Awards Ceremonies

We’ve decided to bring [info]the_child to the Nebula Awards ceremony. This is being accomplished in large part through the significant good offices of Crystal Black. I’ve also been talking to the Hugo Awards ceremony coordinator about what to do if I cannot make it to San Antonio this ceremony. My suggestion was to have [info]the_child be my acceptor, and possibly also present the Campbell tiara as my representative. That latter is not up to me at all, but I certainly can designate her as my acceptor. My concerns about me not making to San Antonio will depend largely on how my immune system reacts to whatever treatment I go on with this latest round of metastasis. I can fight my way through even pathological exhaustion, but only if I can get on a plane without fearing for my life.

People Doing Things

An author friend recently sent me a story that was a sort of love letter about cancer, writing and death. Another writer sent me an impassioned handwritten note about the friendship they regret we will never be able to fully develop. An online acquaintance did some hilarious art. People are doing things which touch my heart, make me weep and make me smile. This is good. This is also very strange. There’s a part of me that keeps expecting to wake up from the nightmare. To discover it’s all been a horrible mistake and I am fine. The words and deeds of others help keep me centered and sane.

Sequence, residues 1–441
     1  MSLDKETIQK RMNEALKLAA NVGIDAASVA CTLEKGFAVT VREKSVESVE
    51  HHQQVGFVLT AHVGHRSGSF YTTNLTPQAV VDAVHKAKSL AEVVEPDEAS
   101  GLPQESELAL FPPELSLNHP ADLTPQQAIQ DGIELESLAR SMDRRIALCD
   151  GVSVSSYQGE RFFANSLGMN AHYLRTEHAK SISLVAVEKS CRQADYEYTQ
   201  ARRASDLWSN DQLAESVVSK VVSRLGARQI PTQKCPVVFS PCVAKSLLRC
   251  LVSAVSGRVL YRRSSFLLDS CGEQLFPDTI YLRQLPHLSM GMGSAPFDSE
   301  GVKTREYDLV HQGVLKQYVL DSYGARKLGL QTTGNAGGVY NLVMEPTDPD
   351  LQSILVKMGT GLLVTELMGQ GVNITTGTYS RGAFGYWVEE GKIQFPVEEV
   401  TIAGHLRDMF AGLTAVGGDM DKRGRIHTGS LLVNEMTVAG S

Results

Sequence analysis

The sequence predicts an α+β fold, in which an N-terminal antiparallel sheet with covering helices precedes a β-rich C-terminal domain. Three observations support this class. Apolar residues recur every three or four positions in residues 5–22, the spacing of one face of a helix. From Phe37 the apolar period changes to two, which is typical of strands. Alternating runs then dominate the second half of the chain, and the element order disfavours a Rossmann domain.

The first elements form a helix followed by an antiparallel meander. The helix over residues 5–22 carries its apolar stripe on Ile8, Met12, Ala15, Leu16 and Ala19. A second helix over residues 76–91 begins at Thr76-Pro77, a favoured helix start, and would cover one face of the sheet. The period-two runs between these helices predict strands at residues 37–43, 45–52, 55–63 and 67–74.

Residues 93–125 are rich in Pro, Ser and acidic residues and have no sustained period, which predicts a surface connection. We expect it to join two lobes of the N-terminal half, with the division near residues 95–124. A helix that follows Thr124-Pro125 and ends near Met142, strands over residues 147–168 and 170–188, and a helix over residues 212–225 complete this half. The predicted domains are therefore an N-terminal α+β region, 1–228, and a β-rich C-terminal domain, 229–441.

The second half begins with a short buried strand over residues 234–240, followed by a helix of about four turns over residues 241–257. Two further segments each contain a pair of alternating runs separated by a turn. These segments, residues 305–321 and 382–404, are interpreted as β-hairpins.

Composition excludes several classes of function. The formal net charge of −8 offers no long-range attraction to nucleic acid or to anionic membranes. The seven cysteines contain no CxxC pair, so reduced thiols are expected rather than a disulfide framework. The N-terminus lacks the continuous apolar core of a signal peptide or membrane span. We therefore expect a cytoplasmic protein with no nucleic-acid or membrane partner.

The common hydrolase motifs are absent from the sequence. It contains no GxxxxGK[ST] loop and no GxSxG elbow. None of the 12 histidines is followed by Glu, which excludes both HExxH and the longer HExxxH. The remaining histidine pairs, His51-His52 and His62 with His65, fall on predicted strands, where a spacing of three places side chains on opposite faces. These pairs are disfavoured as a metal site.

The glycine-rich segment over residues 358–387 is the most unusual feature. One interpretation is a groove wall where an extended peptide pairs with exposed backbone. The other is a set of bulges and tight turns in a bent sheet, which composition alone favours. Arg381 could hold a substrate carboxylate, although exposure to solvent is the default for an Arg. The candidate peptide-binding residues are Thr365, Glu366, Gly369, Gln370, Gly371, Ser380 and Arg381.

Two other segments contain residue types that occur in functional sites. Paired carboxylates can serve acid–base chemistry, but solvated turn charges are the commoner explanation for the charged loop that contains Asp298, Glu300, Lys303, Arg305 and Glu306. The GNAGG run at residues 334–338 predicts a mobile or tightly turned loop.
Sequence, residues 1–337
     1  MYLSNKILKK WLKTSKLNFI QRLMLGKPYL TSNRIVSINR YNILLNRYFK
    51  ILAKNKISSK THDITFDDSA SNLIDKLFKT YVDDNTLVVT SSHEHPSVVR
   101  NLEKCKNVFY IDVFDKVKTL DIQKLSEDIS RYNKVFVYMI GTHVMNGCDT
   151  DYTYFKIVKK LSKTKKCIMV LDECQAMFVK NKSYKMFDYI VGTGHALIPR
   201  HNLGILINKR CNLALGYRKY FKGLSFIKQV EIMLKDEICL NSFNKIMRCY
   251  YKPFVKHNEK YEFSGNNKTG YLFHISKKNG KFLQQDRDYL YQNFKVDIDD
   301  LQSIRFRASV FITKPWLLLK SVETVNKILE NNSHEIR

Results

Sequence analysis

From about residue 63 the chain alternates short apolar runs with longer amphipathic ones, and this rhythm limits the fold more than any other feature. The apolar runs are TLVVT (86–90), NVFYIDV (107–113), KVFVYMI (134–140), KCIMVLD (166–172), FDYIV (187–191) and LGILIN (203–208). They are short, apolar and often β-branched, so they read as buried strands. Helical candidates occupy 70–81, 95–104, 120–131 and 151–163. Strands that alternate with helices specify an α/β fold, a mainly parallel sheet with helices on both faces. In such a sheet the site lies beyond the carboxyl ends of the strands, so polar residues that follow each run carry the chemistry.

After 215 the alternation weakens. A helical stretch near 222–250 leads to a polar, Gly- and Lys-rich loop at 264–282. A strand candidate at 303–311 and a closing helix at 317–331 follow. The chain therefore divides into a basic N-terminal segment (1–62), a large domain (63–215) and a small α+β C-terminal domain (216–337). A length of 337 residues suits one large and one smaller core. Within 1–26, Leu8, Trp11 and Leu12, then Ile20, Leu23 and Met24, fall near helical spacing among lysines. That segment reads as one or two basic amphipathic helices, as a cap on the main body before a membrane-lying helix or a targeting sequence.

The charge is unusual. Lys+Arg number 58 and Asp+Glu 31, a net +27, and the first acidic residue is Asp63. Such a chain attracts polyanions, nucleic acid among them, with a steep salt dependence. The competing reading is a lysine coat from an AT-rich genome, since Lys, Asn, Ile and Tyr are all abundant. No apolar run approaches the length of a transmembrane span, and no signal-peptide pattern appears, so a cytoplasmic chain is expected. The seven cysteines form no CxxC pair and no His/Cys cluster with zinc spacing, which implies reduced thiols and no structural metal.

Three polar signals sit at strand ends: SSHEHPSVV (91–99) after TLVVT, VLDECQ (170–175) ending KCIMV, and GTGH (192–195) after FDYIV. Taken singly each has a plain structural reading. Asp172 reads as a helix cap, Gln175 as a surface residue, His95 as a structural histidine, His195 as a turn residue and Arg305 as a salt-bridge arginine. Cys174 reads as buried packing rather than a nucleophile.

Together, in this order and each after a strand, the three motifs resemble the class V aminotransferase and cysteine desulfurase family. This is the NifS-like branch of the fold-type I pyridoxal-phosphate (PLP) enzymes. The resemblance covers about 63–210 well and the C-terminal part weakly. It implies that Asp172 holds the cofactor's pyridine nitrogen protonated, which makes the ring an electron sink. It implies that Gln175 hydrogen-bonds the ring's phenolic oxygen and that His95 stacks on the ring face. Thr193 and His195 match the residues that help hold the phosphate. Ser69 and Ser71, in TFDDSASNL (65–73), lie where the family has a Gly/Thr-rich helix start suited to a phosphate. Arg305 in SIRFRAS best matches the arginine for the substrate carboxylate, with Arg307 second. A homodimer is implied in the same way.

Death Head

I’m acquiring what I’ve privately dubbed “death head”. That is to say, the imminent reality of my cancer’s end game is becoming far more real to me. In point of fact, this has been the case since the rather grim January surgical outcomes. It’s just this new evidence of elevated CEA levels has propelled me into the next stage of my emotional journey. In effect, I am learning how to die. And I’m trying to teach the people around me how to help me die. This pops up in almost every aspect of my life, and I’m far from having a handle on it. I’ll be discussing death head more over the coming weeks and months. For now, suffice to say I’m rapidly evolving a very different outlook on life, my personal priorities, and what’s important enough to require my commitment of attention and resources.

[cancer] Field notes from Cancerland, San Antonio edition